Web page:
The month in content marketing: January 2017

Inaugurations, protests, travel bans and the Chinese New Year made for an eventful start to 2017. But what was the big news in content marketing?

A new year means new content. And for Content Desk, it means a new monthly round up of stimulating stories from this blog and beyond.

January generated a whole range of content marketing gossip, from innovative resolutions to predicted revolutions…

Personalisation and content marketing

The word on the content marketing street is that ultimate content personalisation is on the horizon. The demand for tailor-made content around the clock has grown as revolutionary new mediums like wearable tech make it more feasible than ever.

Increasingly, content marketers have the means at their disposal to supply this demand. The growing sophistication of companies’ analytics abilities allows content creators to funnel precisely the right kinds of content to their waiting public.

Hyper-personalisation sounds ambitious, but evidence suggests it pays off. Traffic segmentation on websites, for example, can boost sales by 89%. Despite the tricky process, content marketers are attracted by the potentially impressive yields from personalisation.

Read more:

Recent reports examine how quickly analytics is advancing, in sophistication and as a market: PR Newswire

How wearable tech represents a new frontier in content personalisation: Content Desk


What is the relationship between content marketing and advertising? On the one hand they are mortal enemies, with content marketing increasingly seen as a more effective way of connecting businesses and consumers than traditional advertising alternatives.

Conversely they can be seen as complementary, with the growing content marketing sector well positioned to learn a lot from the more established advertising industry.

What’s certain is that the young content marketing pretender has forced advertising establishments to evolve and reassess. In addition to the growth of innovative advertising methods containing overlaps with content marketing, research suggests more traditional techniques – such as print – could see a resurgence.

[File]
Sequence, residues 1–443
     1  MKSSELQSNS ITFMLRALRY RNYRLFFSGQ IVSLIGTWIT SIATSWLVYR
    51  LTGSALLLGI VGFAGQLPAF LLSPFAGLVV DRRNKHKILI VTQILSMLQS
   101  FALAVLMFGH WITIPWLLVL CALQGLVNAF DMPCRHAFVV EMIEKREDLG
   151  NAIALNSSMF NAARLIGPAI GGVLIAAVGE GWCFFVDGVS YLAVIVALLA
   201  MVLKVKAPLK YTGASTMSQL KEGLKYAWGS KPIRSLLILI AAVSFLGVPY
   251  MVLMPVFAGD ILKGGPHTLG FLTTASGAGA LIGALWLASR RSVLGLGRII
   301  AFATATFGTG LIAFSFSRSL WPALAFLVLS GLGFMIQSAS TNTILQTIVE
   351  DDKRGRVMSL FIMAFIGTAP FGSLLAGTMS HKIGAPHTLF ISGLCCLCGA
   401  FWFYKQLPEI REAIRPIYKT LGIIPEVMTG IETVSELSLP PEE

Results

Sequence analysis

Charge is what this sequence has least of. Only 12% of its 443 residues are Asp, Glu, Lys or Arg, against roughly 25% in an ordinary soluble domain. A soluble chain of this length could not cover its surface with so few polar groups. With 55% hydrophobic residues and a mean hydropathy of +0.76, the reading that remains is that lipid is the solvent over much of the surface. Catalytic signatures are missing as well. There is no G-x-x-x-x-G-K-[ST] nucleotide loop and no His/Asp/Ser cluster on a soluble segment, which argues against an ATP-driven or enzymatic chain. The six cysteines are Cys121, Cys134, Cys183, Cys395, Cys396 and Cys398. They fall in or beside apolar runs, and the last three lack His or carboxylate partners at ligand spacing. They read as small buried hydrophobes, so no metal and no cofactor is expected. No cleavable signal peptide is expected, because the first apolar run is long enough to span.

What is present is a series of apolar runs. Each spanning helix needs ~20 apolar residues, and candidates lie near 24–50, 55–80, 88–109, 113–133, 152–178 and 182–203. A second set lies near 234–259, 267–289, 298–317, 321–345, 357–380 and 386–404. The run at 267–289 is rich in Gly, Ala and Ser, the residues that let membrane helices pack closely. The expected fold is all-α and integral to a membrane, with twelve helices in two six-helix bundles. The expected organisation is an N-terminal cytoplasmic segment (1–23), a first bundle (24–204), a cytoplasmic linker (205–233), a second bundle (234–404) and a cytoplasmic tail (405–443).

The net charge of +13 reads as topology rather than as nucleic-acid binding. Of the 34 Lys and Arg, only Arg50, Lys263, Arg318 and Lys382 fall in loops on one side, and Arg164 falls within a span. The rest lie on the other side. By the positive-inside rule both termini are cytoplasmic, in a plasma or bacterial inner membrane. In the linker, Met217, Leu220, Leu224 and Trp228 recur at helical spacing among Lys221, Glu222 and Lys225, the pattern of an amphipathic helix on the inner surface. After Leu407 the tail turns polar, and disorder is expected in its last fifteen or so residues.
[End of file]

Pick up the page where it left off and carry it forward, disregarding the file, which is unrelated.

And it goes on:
Read more:

Summary of the content marketing vs. paid advertising debate (see part 1): Search Engine People

New research offers a surprising reappraisal of the most trusted types of ads: eMarketer

How print’s old-fashioned charms can boost your content marketing: Content Desk

Social media and platform usage

The new year witnessed a reappraisal of how to use social media most effectively. Debate raged in content marketing circles about the importance of adapting content to different groups of people by using different platforms.

Following the demise of Vine, confirmed in January, investigating social media’s evolution over the past decade has become a pressing task for content marketers. Many are rightly apprehensive about creating a content strategy around one social community, only to find the ebb and flow of social network users can render it redundant in a flash.

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Video illustrating the global evolution of social networking over time: Matt Banner/Vimeo

 The danger of social media echo chambers in these polarised times: Content Desk

The growth of content marketing

In a marvellous stroke of meta-news, content marketers have turned the spotlight on themselves over the last month – with good reason, considering how far the industry has come in such a short space of time.

Research on rising salaries among content marketing professionals offers one objective indication of success. See also the increasing boldness of content marketing enthusiasts, who began the year by making all sorts of predictions for the industry ranging from the humble to the outlandish.

Read more:

New research on rising creative salaries shows the health of the content marketing industry: Staffing Industry

Content marketing expectations for the year ahead, from greater social media diversity to robot takeover: Business2Community

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